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Surya Shekhar Ganguly

Surya at World Team 2010
Country India
Born 24 February 1983
Kolkata, India
Title Grandmaster
Peak rating 2672 (March 2010)

Surya Shekhar Ganguly (Bengali: সূর্য শেখর গাঙ্গুলী; born 24 February 1983, Kolkata) is an Indian chess grandmaster, 2009 Asian champion and six-time Indian champion.

He started playing chess at the age of 5 and achieved great successes at National Junior and World Junior Championships since the age of 8. He also set a record of being the youngest player to beat a Grandmaster at 11.

Ganguly became an International Master at 16 and a Grandmaster at 19. He was awarded the Arjuna Award in 2005 by the Government of India for his outstanding achievement in sports. He also got the "Shera Bangali" award in 2009 as the best Sportsperson of Bengal and the "Khel Samman" award in 2013 from the Government of West Bengal. He worked in the team of seconds that assisted Anand in winning the World title matches against Vladimir Kramnik, Veselin Topalov and Gelfand in 2008, 2010 and 2012 respectively.

Personal life

He was born to Pankaj Ganguly and Aarti Ganguly on 24 February 1983. He has an elder sister who is a doctor by profession. He is working as Deputy Manager at the Indian Oil Corporation. He got married to his childhood sweetheart Sudeshna on February 7, 2011.

Early career

Ganguly's grand father, the late Anil Basumallick, taught him chess at the age of 5. Soon he become very popular in chess circles of Kolkata as he was the youngest player in most tournaments taking place during those days and also won prizes. In 1991, at the age of 8, he won both the Indian National U-10 and U-12 Championships. He won these Championships again in 1992 and 1995.

The following are his achievements in the World Youth Chess Championship in his age categories:

In 1995, at the age of 11, he beat a Grandmaster, the youngest player ever to do so until that time.

Notable achievements

Ganguly has played in many individual and team tournaments, both national and international. He achieved his IM (International Master) title at Goodricke International, Kolkata 2000 and the GM (Grand Master) title at the 35th Chess Olympiad, Bled 2002. Some of his notable achievements are given here.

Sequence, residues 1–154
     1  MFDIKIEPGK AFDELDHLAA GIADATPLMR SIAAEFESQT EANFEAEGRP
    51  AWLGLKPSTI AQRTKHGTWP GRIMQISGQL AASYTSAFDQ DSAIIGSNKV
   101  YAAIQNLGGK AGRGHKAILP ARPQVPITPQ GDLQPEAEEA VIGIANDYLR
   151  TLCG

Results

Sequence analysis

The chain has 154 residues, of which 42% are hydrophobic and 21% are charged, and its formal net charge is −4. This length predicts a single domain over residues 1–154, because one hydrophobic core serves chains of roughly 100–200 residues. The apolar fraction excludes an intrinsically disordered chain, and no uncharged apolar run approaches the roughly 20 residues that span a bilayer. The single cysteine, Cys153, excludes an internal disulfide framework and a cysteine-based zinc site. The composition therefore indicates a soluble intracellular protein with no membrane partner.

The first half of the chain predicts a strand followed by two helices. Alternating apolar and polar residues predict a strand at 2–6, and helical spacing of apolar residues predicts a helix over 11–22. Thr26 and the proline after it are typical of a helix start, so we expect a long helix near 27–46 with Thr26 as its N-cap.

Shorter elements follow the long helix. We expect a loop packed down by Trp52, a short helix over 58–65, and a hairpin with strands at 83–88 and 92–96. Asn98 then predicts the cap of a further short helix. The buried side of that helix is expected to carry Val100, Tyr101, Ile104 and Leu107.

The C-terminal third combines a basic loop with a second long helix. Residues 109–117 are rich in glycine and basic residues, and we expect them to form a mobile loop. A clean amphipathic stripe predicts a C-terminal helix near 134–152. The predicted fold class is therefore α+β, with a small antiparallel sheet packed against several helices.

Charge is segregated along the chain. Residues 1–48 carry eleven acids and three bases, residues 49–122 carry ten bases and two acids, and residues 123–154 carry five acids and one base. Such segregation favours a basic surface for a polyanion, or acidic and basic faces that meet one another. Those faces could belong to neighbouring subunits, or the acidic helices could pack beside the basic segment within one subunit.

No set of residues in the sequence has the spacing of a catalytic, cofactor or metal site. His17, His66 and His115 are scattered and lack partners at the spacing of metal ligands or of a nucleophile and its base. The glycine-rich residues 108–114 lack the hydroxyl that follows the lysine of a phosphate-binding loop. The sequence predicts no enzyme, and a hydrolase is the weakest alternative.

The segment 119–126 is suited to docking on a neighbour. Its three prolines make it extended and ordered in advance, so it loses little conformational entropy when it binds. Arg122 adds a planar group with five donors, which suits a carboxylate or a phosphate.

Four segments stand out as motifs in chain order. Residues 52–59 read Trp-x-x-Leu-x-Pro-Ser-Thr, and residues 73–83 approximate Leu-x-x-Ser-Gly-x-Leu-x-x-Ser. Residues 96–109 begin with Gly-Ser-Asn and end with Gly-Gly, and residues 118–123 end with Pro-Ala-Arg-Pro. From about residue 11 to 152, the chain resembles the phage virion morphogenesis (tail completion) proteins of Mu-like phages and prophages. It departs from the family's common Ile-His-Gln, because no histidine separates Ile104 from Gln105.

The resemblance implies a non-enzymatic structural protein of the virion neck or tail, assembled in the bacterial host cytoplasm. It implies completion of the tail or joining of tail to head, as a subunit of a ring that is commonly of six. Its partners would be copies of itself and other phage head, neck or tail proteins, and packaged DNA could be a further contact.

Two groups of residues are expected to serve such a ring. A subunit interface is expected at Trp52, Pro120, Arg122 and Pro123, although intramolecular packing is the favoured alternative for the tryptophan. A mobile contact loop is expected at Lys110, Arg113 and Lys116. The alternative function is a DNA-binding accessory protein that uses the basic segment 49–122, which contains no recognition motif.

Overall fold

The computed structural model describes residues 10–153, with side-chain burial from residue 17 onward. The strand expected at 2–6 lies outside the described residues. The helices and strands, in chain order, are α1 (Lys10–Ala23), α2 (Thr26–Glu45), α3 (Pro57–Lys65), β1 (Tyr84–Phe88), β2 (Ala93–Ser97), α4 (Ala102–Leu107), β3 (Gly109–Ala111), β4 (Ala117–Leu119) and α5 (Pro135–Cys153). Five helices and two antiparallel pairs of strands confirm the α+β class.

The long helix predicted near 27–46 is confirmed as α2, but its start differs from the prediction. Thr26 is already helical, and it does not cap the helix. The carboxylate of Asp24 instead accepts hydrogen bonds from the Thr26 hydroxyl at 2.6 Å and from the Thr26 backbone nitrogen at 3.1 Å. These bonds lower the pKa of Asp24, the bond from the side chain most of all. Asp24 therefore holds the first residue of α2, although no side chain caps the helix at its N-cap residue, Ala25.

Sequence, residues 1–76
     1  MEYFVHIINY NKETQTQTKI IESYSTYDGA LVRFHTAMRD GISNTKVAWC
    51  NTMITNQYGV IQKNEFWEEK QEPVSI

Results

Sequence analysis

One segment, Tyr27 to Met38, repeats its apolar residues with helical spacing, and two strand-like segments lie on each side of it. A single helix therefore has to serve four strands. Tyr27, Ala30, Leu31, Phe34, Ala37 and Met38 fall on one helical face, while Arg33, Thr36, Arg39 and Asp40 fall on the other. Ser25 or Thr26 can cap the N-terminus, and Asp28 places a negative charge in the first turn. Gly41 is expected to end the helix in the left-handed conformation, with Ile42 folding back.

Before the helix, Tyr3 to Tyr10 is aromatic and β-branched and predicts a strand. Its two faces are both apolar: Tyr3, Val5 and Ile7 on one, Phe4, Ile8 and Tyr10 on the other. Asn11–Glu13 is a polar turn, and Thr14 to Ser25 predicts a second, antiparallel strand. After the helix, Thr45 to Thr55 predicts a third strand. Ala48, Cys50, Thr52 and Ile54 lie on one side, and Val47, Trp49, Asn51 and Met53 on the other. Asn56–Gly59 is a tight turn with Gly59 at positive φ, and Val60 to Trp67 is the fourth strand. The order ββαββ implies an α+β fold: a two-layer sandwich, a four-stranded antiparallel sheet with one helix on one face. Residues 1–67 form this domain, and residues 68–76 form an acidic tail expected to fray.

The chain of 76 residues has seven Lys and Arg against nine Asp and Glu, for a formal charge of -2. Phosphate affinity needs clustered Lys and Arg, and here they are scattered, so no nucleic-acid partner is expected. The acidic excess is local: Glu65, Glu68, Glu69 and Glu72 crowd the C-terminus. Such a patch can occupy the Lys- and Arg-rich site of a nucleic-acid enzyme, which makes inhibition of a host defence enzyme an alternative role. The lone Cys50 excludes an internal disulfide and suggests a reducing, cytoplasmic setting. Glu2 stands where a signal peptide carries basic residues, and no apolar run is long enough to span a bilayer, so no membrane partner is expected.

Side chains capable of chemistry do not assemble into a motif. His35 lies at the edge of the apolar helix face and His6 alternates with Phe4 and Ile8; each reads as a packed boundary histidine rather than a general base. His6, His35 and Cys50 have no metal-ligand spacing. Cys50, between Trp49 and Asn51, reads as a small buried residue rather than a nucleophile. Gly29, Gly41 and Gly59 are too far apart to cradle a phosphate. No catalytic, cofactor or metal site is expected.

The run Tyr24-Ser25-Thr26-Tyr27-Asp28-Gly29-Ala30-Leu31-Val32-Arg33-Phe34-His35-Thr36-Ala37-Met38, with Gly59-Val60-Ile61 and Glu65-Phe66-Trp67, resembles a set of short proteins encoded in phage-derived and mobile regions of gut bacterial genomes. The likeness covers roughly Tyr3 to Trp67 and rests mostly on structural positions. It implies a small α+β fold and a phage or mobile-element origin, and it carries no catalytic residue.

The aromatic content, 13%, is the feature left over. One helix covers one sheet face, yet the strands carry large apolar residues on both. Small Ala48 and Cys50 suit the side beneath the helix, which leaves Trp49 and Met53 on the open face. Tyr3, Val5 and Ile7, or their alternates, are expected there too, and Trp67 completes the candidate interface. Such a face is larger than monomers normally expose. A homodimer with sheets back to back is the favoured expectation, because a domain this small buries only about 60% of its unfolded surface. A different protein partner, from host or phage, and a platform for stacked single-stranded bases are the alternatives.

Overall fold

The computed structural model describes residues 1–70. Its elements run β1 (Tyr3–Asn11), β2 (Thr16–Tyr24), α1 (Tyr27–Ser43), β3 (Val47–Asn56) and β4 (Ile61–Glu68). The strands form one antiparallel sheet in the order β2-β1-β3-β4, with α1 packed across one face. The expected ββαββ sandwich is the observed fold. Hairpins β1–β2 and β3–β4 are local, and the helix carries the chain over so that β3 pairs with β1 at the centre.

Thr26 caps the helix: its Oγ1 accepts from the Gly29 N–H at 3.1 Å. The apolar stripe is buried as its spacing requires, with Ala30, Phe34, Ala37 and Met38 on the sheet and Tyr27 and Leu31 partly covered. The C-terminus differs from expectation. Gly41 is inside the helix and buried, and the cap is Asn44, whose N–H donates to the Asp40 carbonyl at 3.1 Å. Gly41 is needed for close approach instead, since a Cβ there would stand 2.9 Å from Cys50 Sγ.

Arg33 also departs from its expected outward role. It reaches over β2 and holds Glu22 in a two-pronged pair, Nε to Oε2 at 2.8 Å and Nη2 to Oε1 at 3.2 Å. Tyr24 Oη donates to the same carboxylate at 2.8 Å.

National events

In addition to the National U10 and U12 championships mentioned above, Ganguly's achievements in other national events are as under.

Asian events

Olympiads and World Team 2010

Other international tournaments

Team Anand

Ganguly has been a member of the team of seconds that helped Anand win his World title matches against Kramnik, Topalov and Gelfand in 2008, 2010 and 2012 respectively. Other members of the team were GM Peter Heine Nielsen, GM Radosław Wojtaszek and the former FIDE World Champion GM Rustam Kasimdzhanov.

Anand has praised Ganguly for being very effective as a team member. About Ganguly, he says, "He is a very good chess player and analyst who works really hard. We (have worked) together for six-seven years and will work together for a long time. Why change formula when it's working."

Sample game

Ganguly vs. Svidler
a b c d e f g h
7 7
6 6
5 5
4 4
3 3
2 2
1 1
a b c d e f g h
The position after 18...f4. Here white plays 19.Bh7!! Apparently, Svidler missed this move and that may be the reason he allowed Ganguly to play 15.f5.

While Ganguly is a fine positional player, he also relishes complicated positions. The following game is taken from the World Team Chess Championship 2011. Here Ganguly (white) plays Peter Svidler of Russia in the final round. Shortly thereafter, Svidler went on to win the Russian Chess Championship a record sixth time and then the Chess World Cup 2011.

This game was selected the fifth best in Chess Informant 113, with a jury member giving it a score of 10/10.

1. e4 g6 Totally unexpected from Svidler but Russia was in a must win situation! 2. d4 Bg7 3. Nc3 d6 4. Be3 a6 5. Qd2 Nd7 6. O-O-O b5 7. h4 h6 8. f4! h5 9. Nf3 Bb7 10. Ng5 Nh6 11. e5 Nb6 12. Bd3 Qc8 13. Rhf1 Nd5 Black wants to have his bishop on d5 and does not wish to play e6 at all. 14. Nce4! O-O? 15. f5! Nxf5 16. Rxf5 gxf5 17. Ng3 Nxe3 18. Qxe3 f4 19. Bh7+!! Apparently, Svidler missed this move and that may be the reason he allowed Ganguly to play 15.f5. Without this combination black is doing fine here. Kh8 20. Qd3 dxe5 21. dxe5 f6 22. Bg8! f5 23. Be6 Qe8 24. Bxf5! 1-0